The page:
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Appellate Court Decision to Benefit Upper Property Owners

Court Gavel Image (2020) - USE THIS ONE

By Camille Sailer

TRENTON – Cape May County Superior Court handed down its decision July 23, regarding an appeal by Ralph Holt and Deanna Holt about a variance to expand a non-conforming use of property they own, in Marmora.
The information contained in this article was taken from the ruling by the Appellate Division of the Superior Court of New Jersey (https://bit.ly/314mrd5).
Per the court’s explanation, the variance would allow the Holts use of the second floor of their Marmora property, a retail/office/residential building for 20 seats, doing business as Ralph’s Bagel and Deli Shop, located on the first floor, if they demonstrated adequate additional parking.
The variance required the Holts to have a lease agreement, to be approved by the Upper Township Zoning Board solicitor, with the neighboring U.S. post office or St. Maximillian Kolbe Parish for a minimum of 23 additional parking spaces for the Holts’ extra customers.
Before obtaining the lease for the additional parking, Paul Dietrich, engineer, Upper Township, advised the Holts by email that he learned they were planning to host a wellness event at their property and cautioned them not to proceed using the second floor because of the parking issue.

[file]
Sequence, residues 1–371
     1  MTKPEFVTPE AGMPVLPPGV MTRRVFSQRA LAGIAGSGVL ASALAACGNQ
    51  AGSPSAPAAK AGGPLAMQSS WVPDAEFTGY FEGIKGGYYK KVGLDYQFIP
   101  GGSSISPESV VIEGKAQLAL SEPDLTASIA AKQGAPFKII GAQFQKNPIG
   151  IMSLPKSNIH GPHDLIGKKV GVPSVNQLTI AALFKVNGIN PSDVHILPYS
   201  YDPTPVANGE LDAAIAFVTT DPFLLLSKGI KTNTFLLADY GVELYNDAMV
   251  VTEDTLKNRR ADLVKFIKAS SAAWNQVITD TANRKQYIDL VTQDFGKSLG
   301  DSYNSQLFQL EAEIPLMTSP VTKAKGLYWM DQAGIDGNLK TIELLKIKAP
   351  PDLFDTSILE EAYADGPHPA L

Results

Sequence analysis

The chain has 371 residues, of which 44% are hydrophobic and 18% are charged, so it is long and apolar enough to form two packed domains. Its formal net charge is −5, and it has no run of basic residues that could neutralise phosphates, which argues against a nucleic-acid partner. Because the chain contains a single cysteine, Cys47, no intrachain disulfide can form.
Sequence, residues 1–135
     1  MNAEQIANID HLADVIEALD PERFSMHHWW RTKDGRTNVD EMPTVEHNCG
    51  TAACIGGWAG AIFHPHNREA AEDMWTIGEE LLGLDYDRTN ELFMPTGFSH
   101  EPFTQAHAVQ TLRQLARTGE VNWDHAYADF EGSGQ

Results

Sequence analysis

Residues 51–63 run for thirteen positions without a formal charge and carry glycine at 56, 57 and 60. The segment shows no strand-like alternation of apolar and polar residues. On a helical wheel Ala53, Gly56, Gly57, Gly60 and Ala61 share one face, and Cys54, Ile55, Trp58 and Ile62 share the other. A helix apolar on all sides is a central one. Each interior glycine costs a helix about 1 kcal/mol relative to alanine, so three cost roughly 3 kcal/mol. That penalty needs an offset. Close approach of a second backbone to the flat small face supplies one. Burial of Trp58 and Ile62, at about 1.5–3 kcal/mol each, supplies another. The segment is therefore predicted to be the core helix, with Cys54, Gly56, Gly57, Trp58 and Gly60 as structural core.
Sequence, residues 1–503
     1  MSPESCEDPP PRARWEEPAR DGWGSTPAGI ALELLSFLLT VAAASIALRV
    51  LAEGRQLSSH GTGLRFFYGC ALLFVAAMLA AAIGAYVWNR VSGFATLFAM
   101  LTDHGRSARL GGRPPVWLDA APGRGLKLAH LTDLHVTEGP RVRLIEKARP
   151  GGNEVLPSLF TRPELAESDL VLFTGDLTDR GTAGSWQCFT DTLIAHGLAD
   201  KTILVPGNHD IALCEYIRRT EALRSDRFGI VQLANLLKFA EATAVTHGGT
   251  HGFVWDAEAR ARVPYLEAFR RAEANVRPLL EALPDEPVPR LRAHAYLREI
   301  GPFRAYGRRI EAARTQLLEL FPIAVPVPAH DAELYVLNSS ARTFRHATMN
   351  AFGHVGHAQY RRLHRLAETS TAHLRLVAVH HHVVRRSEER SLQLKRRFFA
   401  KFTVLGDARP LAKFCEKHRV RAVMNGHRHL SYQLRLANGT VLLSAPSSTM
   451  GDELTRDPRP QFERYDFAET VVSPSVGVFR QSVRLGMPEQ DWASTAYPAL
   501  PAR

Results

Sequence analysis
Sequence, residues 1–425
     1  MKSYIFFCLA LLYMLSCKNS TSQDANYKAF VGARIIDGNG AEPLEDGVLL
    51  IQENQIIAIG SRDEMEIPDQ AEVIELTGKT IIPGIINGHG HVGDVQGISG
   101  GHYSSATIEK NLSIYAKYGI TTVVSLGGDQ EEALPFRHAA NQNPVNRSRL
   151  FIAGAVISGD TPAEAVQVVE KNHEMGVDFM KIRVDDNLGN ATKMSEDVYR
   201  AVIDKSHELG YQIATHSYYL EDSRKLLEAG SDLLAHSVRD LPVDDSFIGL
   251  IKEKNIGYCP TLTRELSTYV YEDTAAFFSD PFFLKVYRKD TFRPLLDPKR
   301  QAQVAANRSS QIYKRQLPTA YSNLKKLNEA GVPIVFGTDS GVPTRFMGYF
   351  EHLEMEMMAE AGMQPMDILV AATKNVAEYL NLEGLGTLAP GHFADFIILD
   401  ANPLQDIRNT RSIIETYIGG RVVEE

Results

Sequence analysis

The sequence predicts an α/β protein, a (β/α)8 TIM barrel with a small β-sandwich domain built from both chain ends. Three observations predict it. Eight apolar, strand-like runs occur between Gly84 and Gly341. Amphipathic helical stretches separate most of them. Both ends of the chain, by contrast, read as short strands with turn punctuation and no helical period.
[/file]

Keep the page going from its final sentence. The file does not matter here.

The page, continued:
The Holts disregarded Dietrich’s warning and proceeded with the event, which resulted in a complaint by Wayne Jack, a neighboring property owner, in November 2016.
Subsequently, the monsignor of the parish sent the Zoning Board a memo, stating the Holts could use the parish’s parking lot when not in use. In response, Dietrich sent Ralph Holt a letter, in February 2017, stating that the parking issue was resolved as a result of the parish letter and they could use their second floor as they wanted.
The Holts’ situation was complicated when Dietrich sent them a letter, in March 2017, rescinding his approval, admitting his earlier approval was sent prematurely because the Zoning Board solicitor didn’t conduct a final legal review, as required. Dietrich’s letter advised Ralph Holt he could appeal the decision to the Zoning Board within 20 days or apply to the Zoning Board for an amended site plan approval.
Also, in March 2017, Ralph Holt was found guilty in the matter of Jack’s complaint, in Wildwood Crest Municipal Court. Holt did not appeal the municipal court conviction or Dietrich’s letter of non-compliance to the Zoning Board.
The Holts then decided to represent themselves and filed a complaint against Upper Township’s Zoning Board, Dietrich, and the board’s solicitor for rejecting the parking lease with the parish as arbitrary, capricious, and unreasonable.
Their complaint was dismissed by the court, in November 2017, but the court decision said the Holts could appeal to Upper Township’s Zoning Board. Upper Township then sought to have the Holts barred from any further appeal to the Zoning Board.
However, the court, in its July 23 decision, said the Holts retained the right of appeal since the board was the proper arbiter of what was adequate parking for the use variance in question.
To contact Camille Sailer, email csailer@cmcherald.com.

Spout Off

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